A living postcard, Havana retains its revolutionary character that attracts tourists not only for its architectural wonders but also for the illustrious history attached to it.
In the modern history of Cuba, the Cuban Revolution (1953-1959) has played a key role in structuring every aspect of the island nation, very apparent in the architecture of the capital city of Havana. Long a colony of Spain, a lot of Cuba’s architecture mimics the Spanish style of architecture that includes the seamless fusion of both Neoclassical and Baroque styles.
“Countries which were under colonisation, in this case, Cuba, the colonial period was characterised by volatility, meaning military architecture from this period is notable,” Vansh Madre, an architecture student from Delhi tells India Outboundreferring to the Cuban revolution. The impact of the Cuban Revolution brought major changes to the architecture of the nation, with new buildings constructed in modern styles, many finished and many left abandoned.
Continually celebrated by architects, historians and tourists alike, here we mention three of Cuban capital’s sensational architectural marvels.
The unfinished tale of art: National Art Schools
“Cuba will count as having the most beautiful academy of arts in the world,” said then Cuban Prime Minister, Fidel Castro in 1961, two years after the success of the Cuban Revolution.
It is rather unclear that, the idea to develop a national art school in Havana was Fidel Castro’s or his dearest companion and Marxist revolutionary, Che Guevara’s. However, the outstanding idea was put to purpose by the architect Ricardo Porro, a reputed name in the Cuban architecture world. National Art Schools, built on a golf course, at a once-luxurious and exclusive country club are located in the far western Havana suburb of Cubanacán, which was once considered to be Havana’s Beverly Hills.
The construction began in 1961 properly as per the design which included five buildings for five different art schools- ballet, modern dance, visual arts, music and theatre.The buildings were also to be mended with the landscape to create an ‘organic architecture’.
Construction went on the schools only until 1965, post which the budget no longer supported the development of the schools. The theatre school had only been about a third of the way completed and the floors and windows of the ballet school were still unfinished. Today the schools are known as the Instituto Superior de Arte.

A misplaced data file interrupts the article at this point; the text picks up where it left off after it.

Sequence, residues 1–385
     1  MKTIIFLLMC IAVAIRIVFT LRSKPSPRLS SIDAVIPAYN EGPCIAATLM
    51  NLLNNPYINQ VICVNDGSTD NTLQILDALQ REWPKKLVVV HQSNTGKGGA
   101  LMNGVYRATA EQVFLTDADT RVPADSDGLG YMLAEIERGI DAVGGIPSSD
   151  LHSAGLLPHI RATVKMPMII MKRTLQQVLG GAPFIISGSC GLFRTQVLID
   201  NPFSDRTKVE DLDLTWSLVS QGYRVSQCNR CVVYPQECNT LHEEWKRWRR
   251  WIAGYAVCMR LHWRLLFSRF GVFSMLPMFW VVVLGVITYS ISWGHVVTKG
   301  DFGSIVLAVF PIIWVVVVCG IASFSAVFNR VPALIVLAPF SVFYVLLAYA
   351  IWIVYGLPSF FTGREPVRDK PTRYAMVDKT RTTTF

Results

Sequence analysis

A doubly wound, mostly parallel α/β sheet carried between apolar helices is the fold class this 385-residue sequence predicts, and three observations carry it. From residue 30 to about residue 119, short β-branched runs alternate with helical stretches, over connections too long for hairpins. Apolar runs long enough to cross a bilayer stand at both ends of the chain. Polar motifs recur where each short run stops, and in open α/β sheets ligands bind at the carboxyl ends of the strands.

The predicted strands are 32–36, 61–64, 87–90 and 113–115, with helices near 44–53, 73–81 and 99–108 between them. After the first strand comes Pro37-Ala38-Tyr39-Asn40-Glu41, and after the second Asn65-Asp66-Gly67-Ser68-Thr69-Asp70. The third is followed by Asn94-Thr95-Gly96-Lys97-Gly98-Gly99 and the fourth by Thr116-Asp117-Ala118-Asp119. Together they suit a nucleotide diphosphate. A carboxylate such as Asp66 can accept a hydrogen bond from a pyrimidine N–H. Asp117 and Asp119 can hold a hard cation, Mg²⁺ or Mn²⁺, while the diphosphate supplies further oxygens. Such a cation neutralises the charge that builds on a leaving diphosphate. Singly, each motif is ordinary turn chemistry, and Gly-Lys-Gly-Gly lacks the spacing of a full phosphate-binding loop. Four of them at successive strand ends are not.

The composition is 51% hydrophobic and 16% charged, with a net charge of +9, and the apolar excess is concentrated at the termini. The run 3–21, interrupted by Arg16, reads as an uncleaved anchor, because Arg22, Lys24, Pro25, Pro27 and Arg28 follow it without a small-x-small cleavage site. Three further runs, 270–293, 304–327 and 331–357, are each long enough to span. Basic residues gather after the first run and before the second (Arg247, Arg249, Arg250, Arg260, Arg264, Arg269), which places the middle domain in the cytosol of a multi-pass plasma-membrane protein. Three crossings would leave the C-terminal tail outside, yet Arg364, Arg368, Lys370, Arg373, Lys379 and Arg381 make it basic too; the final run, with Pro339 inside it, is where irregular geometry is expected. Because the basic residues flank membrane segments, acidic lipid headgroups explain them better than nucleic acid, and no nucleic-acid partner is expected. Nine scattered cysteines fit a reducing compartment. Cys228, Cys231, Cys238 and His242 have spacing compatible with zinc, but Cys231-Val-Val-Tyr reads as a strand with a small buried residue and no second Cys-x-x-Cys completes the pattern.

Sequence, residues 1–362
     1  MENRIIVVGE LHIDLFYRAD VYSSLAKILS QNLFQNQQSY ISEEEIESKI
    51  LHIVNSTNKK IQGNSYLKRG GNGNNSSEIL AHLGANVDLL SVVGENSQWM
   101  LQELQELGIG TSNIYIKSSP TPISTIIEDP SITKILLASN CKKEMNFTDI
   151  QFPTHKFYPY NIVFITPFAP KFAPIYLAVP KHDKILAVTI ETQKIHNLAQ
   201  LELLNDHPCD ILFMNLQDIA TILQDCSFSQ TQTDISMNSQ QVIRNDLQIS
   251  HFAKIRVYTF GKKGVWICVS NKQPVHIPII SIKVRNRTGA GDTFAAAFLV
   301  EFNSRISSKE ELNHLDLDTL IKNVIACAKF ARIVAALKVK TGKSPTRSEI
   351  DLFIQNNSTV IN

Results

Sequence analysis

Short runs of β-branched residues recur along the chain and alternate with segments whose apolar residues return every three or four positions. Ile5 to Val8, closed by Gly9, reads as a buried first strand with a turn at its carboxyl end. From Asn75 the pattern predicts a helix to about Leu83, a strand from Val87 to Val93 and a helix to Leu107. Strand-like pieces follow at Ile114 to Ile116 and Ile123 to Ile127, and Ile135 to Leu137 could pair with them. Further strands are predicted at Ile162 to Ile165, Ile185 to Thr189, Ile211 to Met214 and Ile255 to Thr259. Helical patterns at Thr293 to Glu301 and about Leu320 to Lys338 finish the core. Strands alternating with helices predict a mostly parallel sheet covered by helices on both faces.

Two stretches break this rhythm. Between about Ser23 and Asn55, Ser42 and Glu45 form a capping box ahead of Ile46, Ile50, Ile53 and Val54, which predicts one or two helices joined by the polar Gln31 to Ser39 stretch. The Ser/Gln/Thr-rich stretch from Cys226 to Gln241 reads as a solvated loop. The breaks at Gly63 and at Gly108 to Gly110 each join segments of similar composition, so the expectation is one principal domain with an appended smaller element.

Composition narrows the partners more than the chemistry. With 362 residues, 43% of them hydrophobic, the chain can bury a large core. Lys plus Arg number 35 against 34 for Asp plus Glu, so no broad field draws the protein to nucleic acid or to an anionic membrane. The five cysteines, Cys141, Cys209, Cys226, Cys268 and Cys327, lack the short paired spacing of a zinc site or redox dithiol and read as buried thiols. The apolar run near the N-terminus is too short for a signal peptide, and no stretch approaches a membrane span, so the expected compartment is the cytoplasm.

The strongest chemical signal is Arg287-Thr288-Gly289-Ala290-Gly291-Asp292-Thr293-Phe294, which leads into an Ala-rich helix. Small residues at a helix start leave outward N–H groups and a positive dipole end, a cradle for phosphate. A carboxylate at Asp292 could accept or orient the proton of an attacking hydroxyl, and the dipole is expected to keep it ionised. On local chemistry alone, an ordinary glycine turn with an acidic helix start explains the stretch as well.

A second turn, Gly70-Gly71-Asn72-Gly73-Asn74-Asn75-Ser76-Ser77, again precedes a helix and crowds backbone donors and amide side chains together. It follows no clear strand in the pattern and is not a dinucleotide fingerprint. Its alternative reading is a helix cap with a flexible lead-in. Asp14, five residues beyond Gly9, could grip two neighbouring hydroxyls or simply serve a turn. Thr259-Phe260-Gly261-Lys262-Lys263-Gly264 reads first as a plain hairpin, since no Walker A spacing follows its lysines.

This unfinished art school, now art in itself, attracts many architecture fans from across the globe, which admires the notable brick and terracotta domes and witness revolution within the architecture at the romantic ruins of the National Arts School.
The site has also been added to the UNESCO World Heritage Tentative List in 2003, in the Cultural category.
Plaza de la Revolución: Revolution Square
A remarkable reminder of the Cuban Revolution, the Revolution square’s construction originally began during the presidency of Fulgencio Batista. In 1959, the construction was finished and so was the reign of Batista. Originally called Plaza Cívica (Civic Square), it was renamed to Plaza de la Revolución or “Revolution Square after Fidel Castro came into power.
The site features renowned landmarks such as the famous Jose Marti Memorial which is a 109 m (358 ft) tall tower and an 18 m (59 ft) statue. An elevator allows access the top of the memorial, one of the tallest points in the city of Havana. An elevator allows access the top of the memorial, at 109 m one of the tallest points in the city.
Opposite to the memorial lie the famous Soviet-era facades that feature the matching welded artwork of the two most revolutionary figures of the iconic Cuban revolution, Che Guevara, with the quotation “Hasta la Victoria Siempre” (Until the Everlasting Victory, Always) and Camilo Cienfuegos “Vas Bien, Fidel” (You’re doing fine, Fidel).
Coppelia: Cathedral of ice cream
One of the largest ice cream parlours in the world, Coppelia is a state-run ice cream chain that started in 1966. Built on the site of a former hospital by Fidel Castro to introduce his love of dairy products to the Cuban population and to produce more ice cream flavours than the American giants by buying the best machines from the Netherlands and Sweden, the place became an instant hit.
A Cuban Revolution modernist building designed by architect Mario Girona encompasses five massive white granite discs annexed to one great helicoidal staircase under one large roof with coloured glass and wooden panels to divide up seating areas, giving it a spaceship-like look.
Serving thousands of customers each day, tourists must be prepared for hours of long queues to ultimately select their favourite flavours of ice cream at affordable prices.